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October 10, 2006 eNewsletter


 Web Magazine

October 10, 2006


Dear friend,

A few months ago, we asked a handful of young adults, all children of interfaith marriages, a question: has your interfaith identity been positive or negative for you? We didn't receive the answers we were expecting; almost none of the respondents answered the question directly.

But as we read through their essays, we noticed a common thread: those who were raised Jewish identify strongly as Jews, and those who were not raised Jewish have a much weaker Jewish identity. It's not exactly rocket science, and it's something we've been saying for years. But it was inspiring to read multiple testimonies to the power of raising kids Jewish in interfaith families. So if you're looking for reassurance--or proof--that raising a child Jewish will have a lasting impact, read the articles in the new issue of our Web Magazine

Take Sarah R. Heilbroner. Her mother is not Jewish and her family lives in an overwhelmingly Christian community. The odds would seem stacked against her. But late in her childhood, her family adopted Reform Jewish practice. Now she's an adult with a firm Jewish identity: she fasts on Yom Kippur, she attends weekly Shabbat services and she's even toying with eating kosher. Read more in How I Programmed My Life .

Jason Bortnick, on the other hand, was raised with no faith. Neither his Catholic mother nor his Jewish father saw any point in organized religion. He'd like to raise his children Jewish, but his spiritual viewpoint has little relation to the tenets of Judaism. Find out more in What Would Superman Do?

Josh Fischel's Jewish mother and non-Jewish father made a choice, and raised their son Jewish. He says, "I'm just as Jewish as my rabbi," but he's not sure what he would do about children if he marries his non-Jewish girlfriend. Read more in An Interfaith Child Thinks about His (Hypothetical) Interfaith Children .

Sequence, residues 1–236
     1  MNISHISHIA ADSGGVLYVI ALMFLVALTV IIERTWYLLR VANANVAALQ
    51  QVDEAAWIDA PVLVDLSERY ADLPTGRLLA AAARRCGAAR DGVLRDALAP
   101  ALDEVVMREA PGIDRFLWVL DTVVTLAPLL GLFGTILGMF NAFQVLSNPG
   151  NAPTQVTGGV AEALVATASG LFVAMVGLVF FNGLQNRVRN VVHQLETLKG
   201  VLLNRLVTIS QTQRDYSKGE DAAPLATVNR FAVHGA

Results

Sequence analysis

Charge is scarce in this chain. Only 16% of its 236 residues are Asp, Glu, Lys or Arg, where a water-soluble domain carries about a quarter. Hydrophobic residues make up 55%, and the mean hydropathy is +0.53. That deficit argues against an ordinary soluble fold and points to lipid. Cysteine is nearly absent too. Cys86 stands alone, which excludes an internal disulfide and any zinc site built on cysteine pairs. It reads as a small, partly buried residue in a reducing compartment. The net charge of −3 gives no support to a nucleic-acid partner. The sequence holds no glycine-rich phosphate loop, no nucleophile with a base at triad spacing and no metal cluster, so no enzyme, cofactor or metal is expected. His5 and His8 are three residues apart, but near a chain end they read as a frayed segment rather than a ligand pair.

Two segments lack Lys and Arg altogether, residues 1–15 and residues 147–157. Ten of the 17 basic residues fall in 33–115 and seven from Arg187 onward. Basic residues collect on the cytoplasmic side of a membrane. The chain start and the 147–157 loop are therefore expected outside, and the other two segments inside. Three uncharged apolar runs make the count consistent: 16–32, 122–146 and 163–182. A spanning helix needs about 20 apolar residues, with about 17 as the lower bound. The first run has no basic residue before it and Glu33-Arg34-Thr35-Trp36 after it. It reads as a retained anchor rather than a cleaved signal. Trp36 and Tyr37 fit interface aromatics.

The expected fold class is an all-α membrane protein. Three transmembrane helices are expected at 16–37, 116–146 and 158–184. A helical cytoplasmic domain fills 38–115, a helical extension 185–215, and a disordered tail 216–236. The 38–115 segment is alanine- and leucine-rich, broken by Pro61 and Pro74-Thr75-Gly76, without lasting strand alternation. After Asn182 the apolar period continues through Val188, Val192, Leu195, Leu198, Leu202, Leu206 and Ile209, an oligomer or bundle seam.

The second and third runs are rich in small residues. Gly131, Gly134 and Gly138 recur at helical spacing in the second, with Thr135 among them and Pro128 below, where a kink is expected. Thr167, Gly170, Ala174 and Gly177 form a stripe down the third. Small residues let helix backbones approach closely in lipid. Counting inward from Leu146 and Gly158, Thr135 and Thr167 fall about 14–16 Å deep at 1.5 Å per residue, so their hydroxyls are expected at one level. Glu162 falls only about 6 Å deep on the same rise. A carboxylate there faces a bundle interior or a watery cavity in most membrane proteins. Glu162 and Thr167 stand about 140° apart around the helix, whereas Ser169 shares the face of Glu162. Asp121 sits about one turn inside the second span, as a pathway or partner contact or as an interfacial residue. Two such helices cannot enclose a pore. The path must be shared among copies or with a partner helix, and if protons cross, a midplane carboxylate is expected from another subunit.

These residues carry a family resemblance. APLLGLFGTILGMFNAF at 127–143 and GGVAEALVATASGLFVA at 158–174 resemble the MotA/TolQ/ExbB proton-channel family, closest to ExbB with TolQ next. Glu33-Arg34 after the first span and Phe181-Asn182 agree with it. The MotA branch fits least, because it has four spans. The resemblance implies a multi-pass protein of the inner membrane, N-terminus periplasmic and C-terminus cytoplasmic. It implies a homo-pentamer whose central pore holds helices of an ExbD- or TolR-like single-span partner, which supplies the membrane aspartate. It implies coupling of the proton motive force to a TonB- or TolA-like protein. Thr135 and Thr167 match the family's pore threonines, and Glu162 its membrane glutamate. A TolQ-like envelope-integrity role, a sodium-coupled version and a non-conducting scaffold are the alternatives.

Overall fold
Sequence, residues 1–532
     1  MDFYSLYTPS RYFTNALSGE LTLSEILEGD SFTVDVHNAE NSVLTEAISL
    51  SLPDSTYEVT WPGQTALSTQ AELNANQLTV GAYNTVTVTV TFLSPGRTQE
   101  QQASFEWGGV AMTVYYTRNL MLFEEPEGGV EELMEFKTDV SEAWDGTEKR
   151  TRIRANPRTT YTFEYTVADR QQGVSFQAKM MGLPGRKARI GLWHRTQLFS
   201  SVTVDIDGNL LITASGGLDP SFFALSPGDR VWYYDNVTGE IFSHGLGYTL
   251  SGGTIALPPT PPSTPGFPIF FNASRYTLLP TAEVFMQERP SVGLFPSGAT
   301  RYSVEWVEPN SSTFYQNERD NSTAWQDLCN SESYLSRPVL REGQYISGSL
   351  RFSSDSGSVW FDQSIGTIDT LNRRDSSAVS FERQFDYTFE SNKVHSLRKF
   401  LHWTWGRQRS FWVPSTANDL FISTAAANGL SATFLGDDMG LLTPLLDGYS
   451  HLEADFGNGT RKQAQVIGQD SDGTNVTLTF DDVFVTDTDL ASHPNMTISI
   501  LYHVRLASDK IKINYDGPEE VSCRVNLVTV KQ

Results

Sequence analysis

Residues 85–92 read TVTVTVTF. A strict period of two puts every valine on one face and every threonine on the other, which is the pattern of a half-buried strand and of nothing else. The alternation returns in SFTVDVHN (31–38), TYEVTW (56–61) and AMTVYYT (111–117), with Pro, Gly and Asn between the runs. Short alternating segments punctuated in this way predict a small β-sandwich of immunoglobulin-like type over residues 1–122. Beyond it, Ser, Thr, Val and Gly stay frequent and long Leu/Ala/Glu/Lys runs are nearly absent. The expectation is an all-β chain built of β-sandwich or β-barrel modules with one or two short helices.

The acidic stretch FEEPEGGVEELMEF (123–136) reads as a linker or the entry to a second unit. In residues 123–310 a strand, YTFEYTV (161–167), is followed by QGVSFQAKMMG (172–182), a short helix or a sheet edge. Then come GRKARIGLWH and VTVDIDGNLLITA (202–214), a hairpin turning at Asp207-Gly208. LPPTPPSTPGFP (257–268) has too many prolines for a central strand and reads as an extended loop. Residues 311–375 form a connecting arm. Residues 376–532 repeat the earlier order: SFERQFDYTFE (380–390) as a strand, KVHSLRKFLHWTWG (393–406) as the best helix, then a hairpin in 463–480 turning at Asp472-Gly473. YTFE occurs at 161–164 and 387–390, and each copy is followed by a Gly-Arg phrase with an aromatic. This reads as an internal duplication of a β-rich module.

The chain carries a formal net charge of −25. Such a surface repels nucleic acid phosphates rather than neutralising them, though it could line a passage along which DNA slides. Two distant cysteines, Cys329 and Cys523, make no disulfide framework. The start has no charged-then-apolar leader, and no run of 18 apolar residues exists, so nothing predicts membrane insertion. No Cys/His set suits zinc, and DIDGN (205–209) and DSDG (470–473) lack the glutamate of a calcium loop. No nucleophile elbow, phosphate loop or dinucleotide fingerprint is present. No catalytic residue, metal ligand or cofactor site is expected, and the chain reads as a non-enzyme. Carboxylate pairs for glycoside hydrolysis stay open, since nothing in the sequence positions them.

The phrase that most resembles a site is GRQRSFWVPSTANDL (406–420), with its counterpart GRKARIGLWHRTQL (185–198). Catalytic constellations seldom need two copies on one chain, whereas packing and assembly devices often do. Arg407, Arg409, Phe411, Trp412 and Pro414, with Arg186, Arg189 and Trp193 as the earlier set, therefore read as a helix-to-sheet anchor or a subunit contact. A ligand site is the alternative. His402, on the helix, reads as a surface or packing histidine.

Growing up, Jennifer L. Gordon and her sister were told "that they were Jewish and Christian and that neither religion was better than the other." But raised with both, she ended up with neither. Read more in Mixed Blessings: A Religious Journey That Has Led Nowhere .

The story of Maya Gottfried is a little different. When she was younger, she embraced her half-and-half identity. But as an adult, she longed for a firmer, deeper religious identification. She began exploring her Jewish identity until a rabbi's wife told her, "You're not Jewish." Now she's a practicing Christian. Read more in Untitled .

Rachel Sarah was raised Jewish by her interfaith parents. Now 33 and raising a Jewish child of her own, she's looking for a Jewish man--so long as he doesn't mind that her mom wasn't Jewish. Read more in JDate Here I Come...

Joanne Catz Hartman is on the other end of the spectrum. Born Jewish, she's now working on raising her daughter as Jewish with her non-Jewish husband. But she wonders how much of her husband's heritage they should offer their daughter, in Interfaith Doesn't Mean Having to Say Goodbye to My Jewish Heritage .

From Our Article Archive

Eric Lesser's father is an Eastern European Jew and his mother is an Italian Catholic. As a child, he was told, "Judaism is a culture and a religion. Italian is a culture, so you can be Jewish and Italian. To be raised Catholic and Jewish, however, is more difficult." Read more in How My Italian-American Catholic Mother Strengthened My Jewish Identity: Lessons in Intermarriage .


Wondering how the children of interfaith marriages turn out? Read about the findings of a recent study on interfaith children, in Study Finds Surprising Facts about Children of Mixed Marriages .